Making a short film is a rite of passage for many new filmmakers. If you have never made a short film, now is the time. Not only are there a gazillion film festivals that offer a short movie program, but with websites like YouTube, you can reach a global audience. Plus, making a short film is a great way to learn filmmaking.
TABLE OF CONTENTS
- How To Make A Short Film
- Tactic 1: Use Your Resources
- Tactic 2: Short Films Suck
- Tactic 3: Don’t Make Drama
- Tactic 4: Tell Good Stories
- Tactic 5: Get Bored Fast
- Short Film Elements
In the old days, making a short film meant a studio would project your work in theaters before the feature presentation. But that trend ended. Short films were replaced by trailers and advertisements.
There wasn’t much of a market for short films in the following decades. It was almost impossible to make money with a short film. As a result, finding investors to back a short was super challenging.
How To Make A Short Film
While I can’t say that the economics of short movie-making has improved, film festivals and internet-based video platforms provide fantastic ways to see your work. But regardless, you’re a filmmaker. You have short film ideas. And making a short film is a great training ground for getting your feature made, seen, and sold.
Many people in Hollywood bounce around for years pretending to do work when all they are doing is posing. Many of these people call themselves producers, yet they have no screen credits and have failed to do anything! Don’t do that. If you haven’t yet made a short, I suggest getting started!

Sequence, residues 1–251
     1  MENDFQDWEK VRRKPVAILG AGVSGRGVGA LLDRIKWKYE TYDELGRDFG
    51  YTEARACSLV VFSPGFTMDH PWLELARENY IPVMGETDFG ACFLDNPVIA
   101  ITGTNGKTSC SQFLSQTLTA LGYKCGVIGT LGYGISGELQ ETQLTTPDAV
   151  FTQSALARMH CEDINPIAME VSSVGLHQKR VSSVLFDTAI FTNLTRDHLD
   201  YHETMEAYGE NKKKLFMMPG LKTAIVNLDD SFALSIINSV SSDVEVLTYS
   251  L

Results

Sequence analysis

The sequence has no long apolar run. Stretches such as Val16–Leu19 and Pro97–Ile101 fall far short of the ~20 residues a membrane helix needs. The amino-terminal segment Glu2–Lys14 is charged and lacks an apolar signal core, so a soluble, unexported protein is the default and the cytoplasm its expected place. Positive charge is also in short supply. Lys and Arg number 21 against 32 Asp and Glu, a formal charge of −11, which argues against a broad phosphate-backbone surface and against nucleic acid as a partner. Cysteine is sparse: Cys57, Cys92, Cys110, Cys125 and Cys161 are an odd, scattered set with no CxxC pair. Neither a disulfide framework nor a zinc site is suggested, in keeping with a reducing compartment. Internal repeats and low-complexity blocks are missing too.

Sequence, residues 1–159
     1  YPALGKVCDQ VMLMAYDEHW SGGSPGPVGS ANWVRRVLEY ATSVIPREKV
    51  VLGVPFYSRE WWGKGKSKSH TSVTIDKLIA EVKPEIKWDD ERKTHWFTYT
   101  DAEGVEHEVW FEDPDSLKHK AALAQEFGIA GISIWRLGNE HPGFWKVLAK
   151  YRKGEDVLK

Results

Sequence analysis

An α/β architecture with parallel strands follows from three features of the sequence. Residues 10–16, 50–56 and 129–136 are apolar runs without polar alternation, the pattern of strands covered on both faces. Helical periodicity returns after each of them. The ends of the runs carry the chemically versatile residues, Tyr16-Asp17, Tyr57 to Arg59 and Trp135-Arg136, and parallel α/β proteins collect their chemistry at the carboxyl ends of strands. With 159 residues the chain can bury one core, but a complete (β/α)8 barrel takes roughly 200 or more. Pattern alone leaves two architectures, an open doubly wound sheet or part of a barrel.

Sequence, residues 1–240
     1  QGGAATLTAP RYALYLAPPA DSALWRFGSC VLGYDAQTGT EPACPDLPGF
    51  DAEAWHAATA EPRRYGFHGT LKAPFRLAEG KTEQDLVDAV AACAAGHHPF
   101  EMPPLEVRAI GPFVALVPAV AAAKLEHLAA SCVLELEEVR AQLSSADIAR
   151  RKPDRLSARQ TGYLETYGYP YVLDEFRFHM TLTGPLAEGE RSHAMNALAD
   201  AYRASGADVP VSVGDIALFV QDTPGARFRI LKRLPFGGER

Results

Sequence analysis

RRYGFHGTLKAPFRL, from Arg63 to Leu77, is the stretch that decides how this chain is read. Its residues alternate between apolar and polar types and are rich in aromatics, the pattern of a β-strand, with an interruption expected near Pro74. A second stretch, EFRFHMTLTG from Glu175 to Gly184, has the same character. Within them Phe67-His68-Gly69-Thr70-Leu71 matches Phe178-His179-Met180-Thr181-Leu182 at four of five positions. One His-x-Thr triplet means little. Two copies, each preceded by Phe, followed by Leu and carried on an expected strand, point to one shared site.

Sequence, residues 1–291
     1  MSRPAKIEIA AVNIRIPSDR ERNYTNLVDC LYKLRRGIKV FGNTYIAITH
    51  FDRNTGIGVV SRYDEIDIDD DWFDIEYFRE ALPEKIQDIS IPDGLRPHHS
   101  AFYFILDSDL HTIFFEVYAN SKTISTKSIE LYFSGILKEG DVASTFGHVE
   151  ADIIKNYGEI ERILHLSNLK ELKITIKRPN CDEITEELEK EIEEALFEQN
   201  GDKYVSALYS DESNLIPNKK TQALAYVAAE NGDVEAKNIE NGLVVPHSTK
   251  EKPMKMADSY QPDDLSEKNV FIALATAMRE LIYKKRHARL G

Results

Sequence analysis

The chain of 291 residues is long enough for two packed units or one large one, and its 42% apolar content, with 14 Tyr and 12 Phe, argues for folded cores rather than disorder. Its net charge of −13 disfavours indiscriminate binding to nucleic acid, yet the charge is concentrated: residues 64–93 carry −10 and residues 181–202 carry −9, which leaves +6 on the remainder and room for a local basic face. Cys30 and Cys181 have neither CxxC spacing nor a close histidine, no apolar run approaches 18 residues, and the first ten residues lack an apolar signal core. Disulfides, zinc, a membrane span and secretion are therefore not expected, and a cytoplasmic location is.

Don’t worry about lighting or special effects for your first few movies. Just learn how to utilize your limited resources and make something cool out of nothing. Here is a quick video outlining my tips for creating a short film.
Tactic 1: Leverage Your Resources
Technology has come a long way. You can now buy a camera that produces cinematic results for a few hundred dollars. And if you can’t afford a new camera, use any camera you can use. And yes, this includes camera phones. If you cannot yet afford your equipment, find someone who already has the gear and makes friends.
I suggest you focus on a story you can tell in three minutes or less. While teaching a filmmaking course, I realized many first-time filmmakers created stories that focused on some guy staring into a mirror and talking or some girl shaving her head while reminiscing about apples and spiders. These films sucked, but they were good practice.
Your initial movies will probably suck too. And even if you think it is excellent, watching it five years from now, you’ll think it sucks. So don’t worry about any of it. Permit yourself to suck. Practice your craft. And if you’re wondering what a sucky short film looks like, here is an example:
Tactic 2: Short Films Suck
Yeah. It is MY second short film, and I don’t know what I was thinking. But it was good practice. And despite the fact it was a stupid art piece based on a terrible short film idea that presented nothing new to the world, I learned a lot. And it simply sucks.
I included this short film example to encourage you. The odds are good that you can do better than this poo. I challenge you to get started and do something better! Prove it.